Professional Negligence Claims – 10 things you need to know

The advice of solicitors, accountants, surveyors and financial advisors has become an increasingly important part of business and personal relationships over the past few years. Occasionally, as a result of bad advice or negligent actions, there may be a loss or a consequence for a client that could give rise to a professional negligence claim.

If you think you have been affected and you want to make a claim then here are 10 things you should know about professional negligence.

  1. The relationship between a client and an advisor is based on a duty of care to ensure that the client does not suffer unreasonable harm or loss. A duty of care arises automatically and doesn’t have to be written into the contract to exist.
  2. A professional negligence claim has a number of key components. These include a breach of the duty of care and loss that has been suffered by the non-negligent party as a result.
  3. The general standards of an advisor’s industry provide the guide for professional behaviour. A solicitor or surveyor’s behaviour that falls below this level might well be considered negligent.
  4. There are time limits for a professional negligence claim – six years from the date on which the negligent action took place.
  5. Occasionally, deadlines for making a claim can be extended. For example, if there is a period of time in which the negligent act has not yet become apparent. In those circumstances it might be possible to make a claim for professional negligence even after the six year time limit has expired.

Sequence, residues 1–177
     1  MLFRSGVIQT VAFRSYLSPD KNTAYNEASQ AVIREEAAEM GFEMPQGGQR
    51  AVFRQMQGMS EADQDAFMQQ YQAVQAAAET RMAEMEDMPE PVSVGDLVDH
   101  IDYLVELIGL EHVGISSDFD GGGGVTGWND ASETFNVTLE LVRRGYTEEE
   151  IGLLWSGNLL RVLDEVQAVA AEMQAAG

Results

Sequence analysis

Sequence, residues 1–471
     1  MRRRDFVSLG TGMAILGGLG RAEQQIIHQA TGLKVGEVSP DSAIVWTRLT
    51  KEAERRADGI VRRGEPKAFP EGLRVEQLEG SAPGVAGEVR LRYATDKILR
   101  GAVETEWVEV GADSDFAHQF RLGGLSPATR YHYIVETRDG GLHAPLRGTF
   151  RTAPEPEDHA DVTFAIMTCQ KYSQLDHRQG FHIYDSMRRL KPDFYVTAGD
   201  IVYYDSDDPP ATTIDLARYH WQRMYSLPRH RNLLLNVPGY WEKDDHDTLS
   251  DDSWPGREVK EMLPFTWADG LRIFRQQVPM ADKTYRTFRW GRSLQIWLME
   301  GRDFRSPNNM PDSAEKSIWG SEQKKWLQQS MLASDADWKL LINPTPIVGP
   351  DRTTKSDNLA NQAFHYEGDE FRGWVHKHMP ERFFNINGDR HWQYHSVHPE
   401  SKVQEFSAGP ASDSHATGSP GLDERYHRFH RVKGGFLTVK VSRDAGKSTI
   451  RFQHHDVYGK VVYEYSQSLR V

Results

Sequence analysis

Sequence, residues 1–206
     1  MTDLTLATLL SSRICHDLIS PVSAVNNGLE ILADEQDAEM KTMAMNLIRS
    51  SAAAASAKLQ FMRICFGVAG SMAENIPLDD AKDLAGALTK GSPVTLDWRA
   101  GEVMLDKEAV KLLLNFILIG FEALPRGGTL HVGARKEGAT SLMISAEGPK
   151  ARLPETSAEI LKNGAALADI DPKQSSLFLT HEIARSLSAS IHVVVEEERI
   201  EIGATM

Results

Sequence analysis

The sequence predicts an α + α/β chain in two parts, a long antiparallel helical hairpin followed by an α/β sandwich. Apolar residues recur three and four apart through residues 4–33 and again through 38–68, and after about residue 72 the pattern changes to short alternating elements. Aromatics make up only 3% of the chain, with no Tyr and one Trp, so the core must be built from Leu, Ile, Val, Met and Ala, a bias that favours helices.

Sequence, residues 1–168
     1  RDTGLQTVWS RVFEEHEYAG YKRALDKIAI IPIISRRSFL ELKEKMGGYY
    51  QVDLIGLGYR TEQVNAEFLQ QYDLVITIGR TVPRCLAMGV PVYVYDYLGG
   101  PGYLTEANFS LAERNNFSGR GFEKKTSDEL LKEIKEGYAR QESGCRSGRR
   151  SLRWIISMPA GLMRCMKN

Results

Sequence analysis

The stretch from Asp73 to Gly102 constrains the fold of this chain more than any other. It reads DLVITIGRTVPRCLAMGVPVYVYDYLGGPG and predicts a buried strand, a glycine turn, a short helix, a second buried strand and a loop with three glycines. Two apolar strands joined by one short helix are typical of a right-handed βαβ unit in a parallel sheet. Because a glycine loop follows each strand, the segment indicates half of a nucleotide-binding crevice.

6. Professional negligence claims are made on the basis of loss. I.e. if you have suffered loss as a result of the negligence of an advisor then you should be able to make a claim against them to cover it.
  7. The financial payment under a professional negligence claim is designed to put the claimant back in the same position that they would have been in if they had not been on the receiving end of the negligent advice from the professional advisor. It is not designed to put someone in a better position than they were before receiving the advice.
  8. Mitigation of losses is important. This means that, if you suffer a loss as a result of receiving negligent advice, you still have to try and minimise the consequences of that loss. If you don’t do so then you may not be able to make a claim for all the loss that results.
  9. It’s important to note that any losses being claimed for must be the result of the actions of the professional advisor. If it’s not possible to make that link then making a claim will be difficult.
  10. Professional negligence is a sensitive area and one that can be quite difficult to understand. As there is a lot at stake reputationally for a professional advisor, successful claims are best managed with the help of a solicitor.

To speak to a specialist professional negligence solicitor in Lancaster or Preston call 01524 386500 or click here to contact us.